Hey, Four-Eyes: Go Outside!
David Berreby is the author of "Us and Them: The Science of Identity." He has written about human behavior and other science topics for The New Yorker, The New York Times Magazine, Slate, Smithsonian, The New Republic, Nature, Discover, Vogue and many other publications. He has been a Visiting Scholar at the University of Paris, a Science Writing Fellow at the Marine Biological Laboratory, a resident at Yaddo, and in 2006 was awarded the Erving Goffman Award for Outstanding Scholarship for the first edition of "Us and Them." David can be found on Twitter at @davidberreby and reached by email at david [at] davidberreby [dot] com.
Nearsightedness has become ever more common in rich nations, most dramatically in Asia--80 percent of young adults in Taiwan and Singapore are myopic, where a couple of generations ago only 25 percent were. For a long time it was assumed this was related to reading, from both paper sources and computer monitors.
Not so, says this piece in New Scientist. It's not what kids do that matters, it's where they do it. The best preventative of near-sightedness in kids, apparently, is simply spending time outdoors. Doesn't matter if they're playing sports; doesn't matter if they're reading. Just being outside is the key, according to recent epidemiological studies.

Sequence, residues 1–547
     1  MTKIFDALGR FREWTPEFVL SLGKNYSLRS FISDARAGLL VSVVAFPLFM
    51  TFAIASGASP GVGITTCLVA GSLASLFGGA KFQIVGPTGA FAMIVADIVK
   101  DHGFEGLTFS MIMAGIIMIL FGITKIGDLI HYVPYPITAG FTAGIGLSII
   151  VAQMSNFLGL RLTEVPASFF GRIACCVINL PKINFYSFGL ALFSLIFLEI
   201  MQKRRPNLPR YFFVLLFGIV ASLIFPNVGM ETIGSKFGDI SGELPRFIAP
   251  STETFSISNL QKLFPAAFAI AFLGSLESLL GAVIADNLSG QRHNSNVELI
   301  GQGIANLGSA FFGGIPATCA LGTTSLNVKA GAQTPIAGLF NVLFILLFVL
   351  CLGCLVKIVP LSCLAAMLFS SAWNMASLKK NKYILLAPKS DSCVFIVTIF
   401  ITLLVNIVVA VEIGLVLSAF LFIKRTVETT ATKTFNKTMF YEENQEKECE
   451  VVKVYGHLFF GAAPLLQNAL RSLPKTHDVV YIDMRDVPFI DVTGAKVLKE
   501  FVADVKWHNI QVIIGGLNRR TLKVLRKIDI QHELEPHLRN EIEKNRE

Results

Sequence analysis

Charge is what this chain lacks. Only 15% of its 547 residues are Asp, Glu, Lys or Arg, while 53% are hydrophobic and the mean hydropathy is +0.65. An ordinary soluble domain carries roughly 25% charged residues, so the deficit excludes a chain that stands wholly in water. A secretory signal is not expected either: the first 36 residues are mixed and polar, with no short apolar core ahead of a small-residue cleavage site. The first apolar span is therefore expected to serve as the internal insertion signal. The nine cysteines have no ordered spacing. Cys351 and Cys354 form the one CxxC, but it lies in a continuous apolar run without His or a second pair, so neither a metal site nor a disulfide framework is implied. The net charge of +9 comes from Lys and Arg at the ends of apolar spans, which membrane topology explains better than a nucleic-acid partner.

For example, a study by Seang-Mei Saw of the National University of Singapore and Kathryn Rose of the University of Sydney found that children in Sydney each spent an average of almost 14 hours outside each week. Their Singapore counterparts spent only 3 hours per week outdoors. Of the Australians, only 3 percent became nearsighted; for the indoor-bound Singaporese, myopia was ten times more common: fully 30 percent developed it. These results are consistent with the fact that near-sightedness is more common in urban areas than in rural throughout the world, and also with the fact that near-sightedness is less frequent among poor people than the middle-class. If this theory is correct, though, shouldn't it also be the case that people who live in harsh climates should have higher rates than those who live in places where the outdoors are welcoming 12 months a year? Does anyone know if this is the case? If so, please comment.
Or maybe you'd be better off going outside to play.
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